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A Scrambled Race to Replace Ruben Hinojosa

An open-seat U.S. House race is sure to draw a packed field, and nine candidates — six Democrats and three Republicans — are aiming to succeed 10-term Democratic U.S. Rep. Ruben Hinojosa in the 15th district.

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PHARR — Nine candidates filled the stage at a Monday night debate in the contest to replace retiring U.S. Rep. Rubén Hinojosa, an Edinburg Democrat. But the evening's lone personal shot was directed at the retiring incumbent rather than anyone's competition. 

“I have the charisma to be able to get this done,” said law student and Democratic hopeful Ruben Ramirez. 
“Part of the reason we have failed in Washington — and when I say ‘we,’ I mean our current congressman — is because he lacks that charisma.”

That was the closest thing to mudslinging at a forum that focused mostly on infrastructure, education, economic, border and drug policy. And with the exception of marijuana legalization, the Democrats agreed with each other. 

An open-seat U.S. House race is sure to draw a packed field, and nine candidates — six Democrats and three Republicans — are aiming to succeed the 10-term congressman.

It’s mostly a mad scramble on the Democratic side, predictable since the party is expected to easily hold the 15th District in the fall.

So six Democrats — former Hidalgo County Democratic Chairwoman Dolly Elizondo, attorney Vicente Gonzalez, Edinburg School Board Member Juan “Sonny” Palacios Jr., former Hidalgo County Commissioner Joel Quintanilla, Ramirez, and accountant Randy Sweeten — are in a fight to place in the top two during the March 1 primary and make it to a probable runoff.

Three Republicans — former Rio Grande City Mayor Ruben O. Villareal, Edinburg School Board Member Xavier Salinas and Pastor Tim Westley — are also hoping to win the GOP nod or force a March 24 runoff in their party, but the Democratic nominee is likely to coast through the fall election.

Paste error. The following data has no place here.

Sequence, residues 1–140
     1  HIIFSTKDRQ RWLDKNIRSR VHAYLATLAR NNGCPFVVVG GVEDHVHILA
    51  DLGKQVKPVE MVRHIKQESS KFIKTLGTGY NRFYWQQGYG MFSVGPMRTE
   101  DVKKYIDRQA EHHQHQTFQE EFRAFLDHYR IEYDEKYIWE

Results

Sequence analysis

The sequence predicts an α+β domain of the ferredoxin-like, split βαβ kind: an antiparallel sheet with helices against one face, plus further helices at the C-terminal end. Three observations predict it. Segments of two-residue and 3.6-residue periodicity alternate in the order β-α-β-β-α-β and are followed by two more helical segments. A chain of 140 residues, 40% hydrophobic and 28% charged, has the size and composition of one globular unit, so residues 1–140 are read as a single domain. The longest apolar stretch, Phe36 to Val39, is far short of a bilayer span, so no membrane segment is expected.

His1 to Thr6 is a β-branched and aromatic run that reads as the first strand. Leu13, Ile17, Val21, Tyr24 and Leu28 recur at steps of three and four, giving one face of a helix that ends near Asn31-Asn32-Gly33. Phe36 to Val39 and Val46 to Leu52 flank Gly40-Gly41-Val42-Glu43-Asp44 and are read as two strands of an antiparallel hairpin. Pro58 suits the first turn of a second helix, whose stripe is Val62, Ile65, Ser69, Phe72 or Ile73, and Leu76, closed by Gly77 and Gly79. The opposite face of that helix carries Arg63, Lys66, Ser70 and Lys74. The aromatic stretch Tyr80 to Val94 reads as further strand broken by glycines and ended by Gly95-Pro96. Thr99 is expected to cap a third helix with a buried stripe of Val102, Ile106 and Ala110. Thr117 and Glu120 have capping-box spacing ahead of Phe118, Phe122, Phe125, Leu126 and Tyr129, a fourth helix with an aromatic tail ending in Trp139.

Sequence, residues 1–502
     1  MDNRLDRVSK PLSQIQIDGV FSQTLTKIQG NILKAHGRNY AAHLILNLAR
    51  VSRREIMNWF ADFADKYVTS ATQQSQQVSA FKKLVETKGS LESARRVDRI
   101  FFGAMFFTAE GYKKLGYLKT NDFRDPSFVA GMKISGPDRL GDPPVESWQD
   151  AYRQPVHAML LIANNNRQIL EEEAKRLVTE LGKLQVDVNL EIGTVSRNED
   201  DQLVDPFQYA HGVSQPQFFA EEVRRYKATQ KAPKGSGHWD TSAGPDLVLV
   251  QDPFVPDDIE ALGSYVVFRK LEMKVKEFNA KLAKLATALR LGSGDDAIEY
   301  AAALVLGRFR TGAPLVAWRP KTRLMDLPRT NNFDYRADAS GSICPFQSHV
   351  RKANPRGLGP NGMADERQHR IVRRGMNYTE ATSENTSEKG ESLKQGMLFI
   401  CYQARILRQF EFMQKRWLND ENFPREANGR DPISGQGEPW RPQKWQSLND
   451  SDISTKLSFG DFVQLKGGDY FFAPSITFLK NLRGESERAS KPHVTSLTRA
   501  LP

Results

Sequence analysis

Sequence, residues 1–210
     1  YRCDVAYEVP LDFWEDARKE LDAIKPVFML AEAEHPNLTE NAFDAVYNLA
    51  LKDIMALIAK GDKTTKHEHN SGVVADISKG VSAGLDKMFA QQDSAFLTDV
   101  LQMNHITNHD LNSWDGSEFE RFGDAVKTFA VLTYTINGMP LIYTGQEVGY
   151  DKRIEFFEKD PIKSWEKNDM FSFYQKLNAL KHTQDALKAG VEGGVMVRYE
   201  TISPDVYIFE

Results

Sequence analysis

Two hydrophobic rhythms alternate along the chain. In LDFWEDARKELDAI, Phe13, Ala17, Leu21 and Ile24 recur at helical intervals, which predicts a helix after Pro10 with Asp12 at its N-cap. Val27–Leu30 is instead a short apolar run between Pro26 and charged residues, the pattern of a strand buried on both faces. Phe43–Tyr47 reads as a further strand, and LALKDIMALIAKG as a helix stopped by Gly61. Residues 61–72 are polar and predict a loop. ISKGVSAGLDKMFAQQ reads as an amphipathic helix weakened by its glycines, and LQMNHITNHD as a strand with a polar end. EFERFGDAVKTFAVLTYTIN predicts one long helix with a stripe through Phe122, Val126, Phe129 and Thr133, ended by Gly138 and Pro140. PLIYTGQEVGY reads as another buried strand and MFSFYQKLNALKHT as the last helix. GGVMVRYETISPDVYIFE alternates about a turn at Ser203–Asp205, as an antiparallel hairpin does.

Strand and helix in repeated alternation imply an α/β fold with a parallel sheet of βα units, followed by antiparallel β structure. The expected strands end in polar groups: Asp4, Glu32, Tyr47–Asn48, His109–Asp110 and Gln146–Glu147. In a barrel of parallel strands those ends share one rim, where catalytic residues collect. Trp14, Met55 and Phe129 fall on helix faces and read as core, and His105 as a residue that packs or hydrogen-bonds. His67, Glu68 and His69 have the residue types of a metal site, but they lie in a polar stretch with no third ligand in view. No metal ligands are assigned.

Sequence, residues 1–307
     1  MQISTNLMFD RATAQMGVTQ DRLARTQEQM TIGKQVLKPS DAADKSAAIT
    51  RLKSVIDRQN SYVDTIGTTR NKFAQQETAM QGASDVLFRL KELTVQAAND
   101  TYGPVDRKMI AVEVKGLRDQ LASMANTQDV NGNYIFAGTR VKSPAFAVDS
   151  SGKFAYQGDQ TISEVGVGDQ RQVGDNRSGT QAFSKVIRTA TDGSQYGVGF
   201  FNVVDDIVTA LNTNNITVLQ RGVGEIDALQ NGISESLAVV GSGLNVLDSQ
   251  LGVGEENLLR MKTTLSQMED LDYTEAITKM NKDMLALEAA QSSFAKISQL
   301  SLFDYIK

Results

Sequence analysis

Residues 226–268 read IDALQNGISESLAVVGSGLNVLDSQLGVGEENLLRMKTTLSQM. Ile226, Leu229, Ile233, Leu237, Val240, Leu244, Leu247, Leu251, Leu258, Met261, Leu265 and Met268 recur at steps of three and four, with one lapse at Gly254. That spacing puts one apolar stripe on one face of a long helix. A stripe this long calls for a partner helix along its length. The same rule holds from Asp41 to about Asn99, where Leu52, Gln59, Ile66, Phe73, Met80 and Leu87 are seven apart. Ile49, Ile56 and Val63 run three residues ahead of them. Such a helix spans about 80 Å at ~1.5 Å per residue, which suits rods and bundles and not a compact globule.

All the candidates in the debate exhibited fluency with federal and local issues and boasted enough local accomplishments to build a base of support.

With such a sprawling Democratic field, it’s anyone’s guess as to who will emerge into the runoff. But three in particular, bring formidable advantages to the race: Elizondo, Gonzalez and Palacio.

More than anyone else, Gonzalez turned the race upside down with the $750,000 he loaned his campaign, according to the most recent Federal Election Commission reports. His rivals suspect he has put in far more since the Dec. 31 reporting deadline.

“I believe in myself and I believe in my race, and campaigns are expensive, unfortunately,” Gonzalez said, adding that he has no affinity for dialing for dollars. “It just takes resources and there’s not much time to do fundraising, so I committed myself personally and financially to winning this campaign.”

Self-funding has allowed Gonzalez to have a sustained and saturated presence on television in a way no other candidate can. 

Palacios and Elizondo were both sheepish about Gonzalez’s investment, but they insisted the race is about more than television and loans. “Money buys a lot of things, but it doesn’t buy you elections, it doesn’t buy votes,” Palacios said. 

Palacio’s best asset? His family name.